ATLANTA - A decades-long debate over hate crimes legislation is seeing a renewed wave of attention in Georgia following the death of Ahmaud Arbery
Arbery, 25, who was black, was gunned down in coastal south Georgia in February. He was unarmed.
Gregory and Travis McMichael, both white, are charged with his murder. The pair chased down Arbery, who they believed was a burglar, before shooting him multiple times, according to police documents. The McMichaels claimed self-defense.
Some believe Arbery was targeted because of his race, but Georgia is one of only four states without a hate crimes law. The others are South Carolina, Wyoming and Arkansas.
Ahmaud Arbery, 25, was shot and killed while out jogging in a south Georgia neighborhood on Feb. 23, 2020. (Photo provided by family members)
Advocates, such as Allison Padilla-Goodman, vice president of the Anti-Defamation League's southern division, include Indiana in that group, calling the state's recently passed hate crimes statue too "convoluted and diluted" to count.
Padilla-Goodman is optimistic that the Arbery case will help pass a hate crimes bill this year with the investigation in the national spotlight.
"It's deeply disappointing that it takes such a horrific tragedy to put a necessary and comprehensive bill into action," said Padilla-Goodman, "but sometimes it takes tragedy."
There are numerous hate crimes-related proposals before Georgia lawmakers this year, but former felony prosecutor Chuck Efstration's HB 426 appears to have the most momentum.
"This is not criminalizing thought or speech," said state Rep. Chuck Efstration, R-Dacula. "The Hate Crimes Act would allow prosecutors to seek enhanced penalties only after a defendant is convicted of an underlying offense."
Padilla-Goodman helped craft the bi-partisan bill. ADL is one of 25 organizations part of the Coalition for a Hate Free Georgia, advocating for better hate crime laws.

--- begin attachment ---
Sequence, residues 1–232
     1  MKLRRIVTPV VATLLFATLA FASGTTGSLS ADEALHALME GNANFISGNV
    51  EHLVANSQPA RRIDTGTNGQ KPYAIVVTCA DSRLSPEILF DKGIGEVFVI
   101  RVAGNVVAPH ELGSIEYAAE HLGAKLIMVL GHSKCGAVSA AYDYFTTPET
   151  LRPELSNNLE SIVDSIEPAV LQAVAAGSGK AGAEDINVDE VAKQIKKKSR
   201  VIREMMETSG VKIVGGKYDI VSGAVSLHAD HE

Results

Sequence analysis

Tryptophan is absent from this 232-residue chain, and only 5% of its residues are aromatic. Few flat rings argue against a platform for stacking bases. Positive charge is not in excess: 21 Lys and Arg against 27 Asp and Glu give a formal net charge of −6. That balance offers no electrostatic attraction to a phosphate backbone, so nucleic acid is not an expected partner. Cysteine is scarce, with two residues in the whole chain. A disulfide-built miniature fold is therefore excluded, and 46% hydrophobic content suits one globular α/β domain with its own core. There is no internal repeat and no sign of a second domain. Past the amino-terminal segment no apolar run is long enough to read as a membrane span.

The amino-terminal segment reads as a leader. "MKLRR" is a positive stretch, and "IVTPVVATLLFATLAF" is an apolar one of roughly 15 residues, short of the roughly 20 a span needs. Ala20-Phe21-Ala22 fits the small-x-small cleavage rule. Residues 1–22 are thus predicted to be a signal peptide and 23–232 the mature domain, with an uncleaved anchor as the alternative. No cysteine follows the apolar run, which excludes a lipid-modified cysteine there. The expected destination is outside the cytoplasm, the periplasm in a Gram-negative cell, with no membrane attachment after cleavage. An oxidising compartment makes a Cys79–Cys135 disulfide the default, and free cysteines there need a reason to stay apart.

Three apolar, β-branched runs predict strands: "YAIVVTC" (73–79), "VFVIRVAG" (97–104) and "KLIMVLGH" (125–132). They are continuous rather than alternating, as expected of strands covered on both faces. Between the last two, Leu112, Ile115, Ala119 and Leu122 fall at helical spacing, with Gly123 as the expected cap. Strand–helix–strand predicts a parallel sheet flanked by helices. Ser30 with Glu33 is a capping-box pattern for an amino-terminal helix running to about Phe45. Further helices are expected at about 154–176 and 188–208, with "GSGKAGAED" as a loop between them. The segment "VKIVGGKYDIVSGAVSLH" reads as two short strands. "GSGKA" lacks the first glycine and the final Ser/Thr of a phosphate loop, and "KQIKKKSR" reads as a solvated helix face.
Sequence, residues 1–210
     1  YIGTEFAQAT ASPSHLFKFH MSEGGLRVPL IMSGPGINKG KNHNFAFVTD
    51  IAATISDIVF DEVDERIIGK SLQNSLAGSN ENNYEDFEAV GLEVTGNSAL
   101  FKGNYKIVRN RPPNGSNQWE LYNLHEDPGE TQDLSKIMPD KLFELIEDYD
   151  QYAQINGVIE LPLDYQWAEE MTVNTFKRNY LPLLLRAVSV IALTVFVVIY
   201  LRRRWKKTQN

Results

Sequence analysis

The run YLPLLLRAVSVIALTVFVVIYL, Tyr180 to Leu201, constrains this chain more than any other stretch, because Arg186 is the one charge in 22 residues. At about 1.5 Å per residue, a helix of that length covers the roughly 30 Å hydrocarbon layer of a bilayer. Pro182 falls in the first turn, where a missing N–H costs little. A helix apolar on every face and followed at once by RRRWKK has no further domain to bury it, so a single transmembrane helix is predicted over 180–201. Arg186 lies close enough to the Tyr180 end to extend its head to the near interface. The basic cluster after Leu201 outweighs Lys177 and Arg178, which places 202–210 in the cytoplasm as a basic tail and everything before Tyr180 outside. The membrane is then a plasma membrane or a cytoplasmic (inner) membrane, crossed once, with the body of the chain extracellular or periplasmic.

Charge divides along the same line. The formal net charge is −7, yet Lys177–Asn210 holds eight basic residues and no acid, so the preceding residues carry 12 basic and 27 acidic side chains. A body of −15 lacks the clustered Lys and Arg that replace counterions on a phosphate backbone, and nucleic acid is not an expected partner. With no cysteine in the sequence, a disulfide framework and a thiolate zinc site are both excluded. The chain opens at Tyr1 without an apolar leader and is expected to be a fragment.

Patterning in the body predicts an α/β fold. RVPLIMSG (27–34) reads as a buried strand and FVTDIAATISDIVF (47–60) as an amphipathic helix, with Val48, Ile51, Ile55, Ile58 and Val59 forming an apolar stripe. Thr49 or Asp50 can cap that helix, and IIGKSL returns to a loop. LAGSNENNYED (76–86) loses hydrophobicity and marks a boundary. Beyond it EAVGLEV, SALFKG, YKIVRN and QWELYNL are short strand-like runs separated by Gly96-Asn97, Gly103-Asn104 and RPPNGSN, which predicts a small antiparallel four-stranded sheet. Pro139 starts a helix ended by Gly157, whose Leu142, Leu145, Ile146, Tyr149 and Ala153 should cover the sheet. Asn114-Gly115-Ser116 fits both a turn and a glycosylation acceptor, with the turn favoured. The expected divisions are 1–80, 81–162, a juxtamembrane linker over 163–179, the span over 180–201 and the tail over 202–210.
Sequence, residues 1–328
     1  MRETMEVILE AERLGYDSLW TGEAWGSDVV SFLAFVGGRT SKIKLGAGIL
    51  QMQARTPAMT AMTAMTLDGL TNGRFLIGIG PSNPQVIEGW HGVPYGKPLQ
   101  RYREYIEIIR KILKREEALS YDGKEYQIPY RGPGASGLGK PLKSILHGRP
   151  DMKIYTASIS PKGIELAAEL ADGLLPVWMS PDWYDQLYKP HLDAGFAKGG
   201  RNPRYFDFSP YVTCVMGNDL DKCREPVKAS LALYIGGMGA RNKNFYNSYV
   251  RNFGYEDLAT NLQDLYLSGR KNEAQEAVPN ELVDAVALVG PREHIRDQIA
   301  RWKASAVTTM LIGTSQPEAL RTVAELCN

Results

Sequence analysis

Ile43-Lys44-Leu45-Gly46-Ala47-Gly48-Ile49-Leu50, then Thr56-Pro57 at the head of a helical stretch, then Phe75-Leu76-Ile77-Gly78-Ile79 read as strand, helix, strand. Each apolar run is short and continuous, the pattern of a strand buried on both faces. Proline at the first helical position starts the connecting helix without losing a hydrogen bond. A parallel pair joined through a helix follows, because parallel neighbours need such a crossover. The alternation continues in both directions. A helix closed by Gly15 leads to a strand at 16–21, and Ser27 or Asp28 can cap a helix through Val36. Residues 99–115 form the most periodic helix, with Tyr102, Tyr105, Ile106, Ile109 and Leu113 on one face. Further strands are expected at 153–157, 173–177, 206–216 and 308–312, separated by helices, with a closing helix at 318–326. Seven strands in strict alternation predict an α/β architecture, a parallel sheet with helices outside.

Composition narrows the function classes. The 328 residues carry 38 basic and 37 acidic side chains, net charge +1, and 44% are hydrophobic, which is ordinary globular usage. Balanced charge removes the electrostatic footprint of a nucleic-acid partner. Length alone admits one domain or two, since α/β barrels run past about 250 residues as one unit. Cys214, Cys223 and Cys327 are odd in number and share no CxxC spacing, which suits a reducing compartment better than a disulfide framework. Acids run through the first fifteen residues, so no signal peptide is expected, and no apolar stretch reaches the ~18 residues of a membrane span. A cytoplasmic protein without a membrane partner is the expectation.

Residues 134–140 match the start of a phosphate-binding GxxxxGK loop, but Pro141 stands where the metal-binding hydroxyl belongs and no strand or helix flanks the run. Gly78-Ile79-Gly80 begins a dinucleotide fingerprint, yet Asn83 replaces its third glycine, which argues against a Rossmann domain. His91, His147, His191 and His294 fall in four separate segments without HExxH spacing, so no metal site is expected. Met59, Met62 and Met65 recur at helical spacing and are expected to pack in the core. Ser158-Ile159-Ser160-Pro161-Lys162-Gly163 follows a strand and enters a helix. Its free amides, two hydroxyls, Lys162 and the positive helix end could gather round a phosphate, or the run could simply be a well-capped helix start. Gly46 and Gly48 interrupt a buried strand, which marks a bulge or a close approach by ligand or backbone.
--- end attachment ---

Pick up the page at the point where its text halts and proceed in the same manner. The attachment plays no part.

"Hate crimes are very different from a regular crime," Padilla-Goodman told FOX 5's Emilie Ikeda. "If I were to steal your wallet you'd feel broke; if I stole your wallet and yelled a racial or ethnic slur, people are going to feel that across the nation and world."
Critics fear the bill could limit free speech or judges' power in sentencing, since HB 426 requires a minimum sentence. It passed in the House last year but stalled in the Senate, largely at the behest of Senate Judiciary Chairman Jesse Stone, R-Waynesboro. He cited limited Republican support.
But Stone told FOX 5's Emilie Ikeda this year may be different with increased discussion around the topic in light of the Ahmaud Arbery case, calling the increased urgency on the manner a "good thing."
Stone said he would like to see a hate crimes bill pass, but it likely won't be one without carefully thought-out alterations. "We don't want to be pushed in the direction of passing legislation that we could, if we reflect on it, passed a better bill," Stone said.
Georgia actually has a hate crime law on the books, but it was ruled unconstitutionally vague in 2004.
Should a bill pass this session, it cannot be applied to the Arbery case because it was not law on the date of his death. But the U.S. Department of Justice is considering federal hate crime charges, per the request of Georgia Attorney General, Chris Carr.
Some Democrats have pushed for HB 426 to be renamed the Ahmaud Arbery Hate Crimes Bill. Stone strongly pushed back on the premise because it references a pending case, adding, "We try not to influence decision makers in the judiciary as to how they should go with a particular case."
Some lawmakers will be joining ADL representatives in a public webinar Friday, May 22 at noon to discuss the hate crimes bill.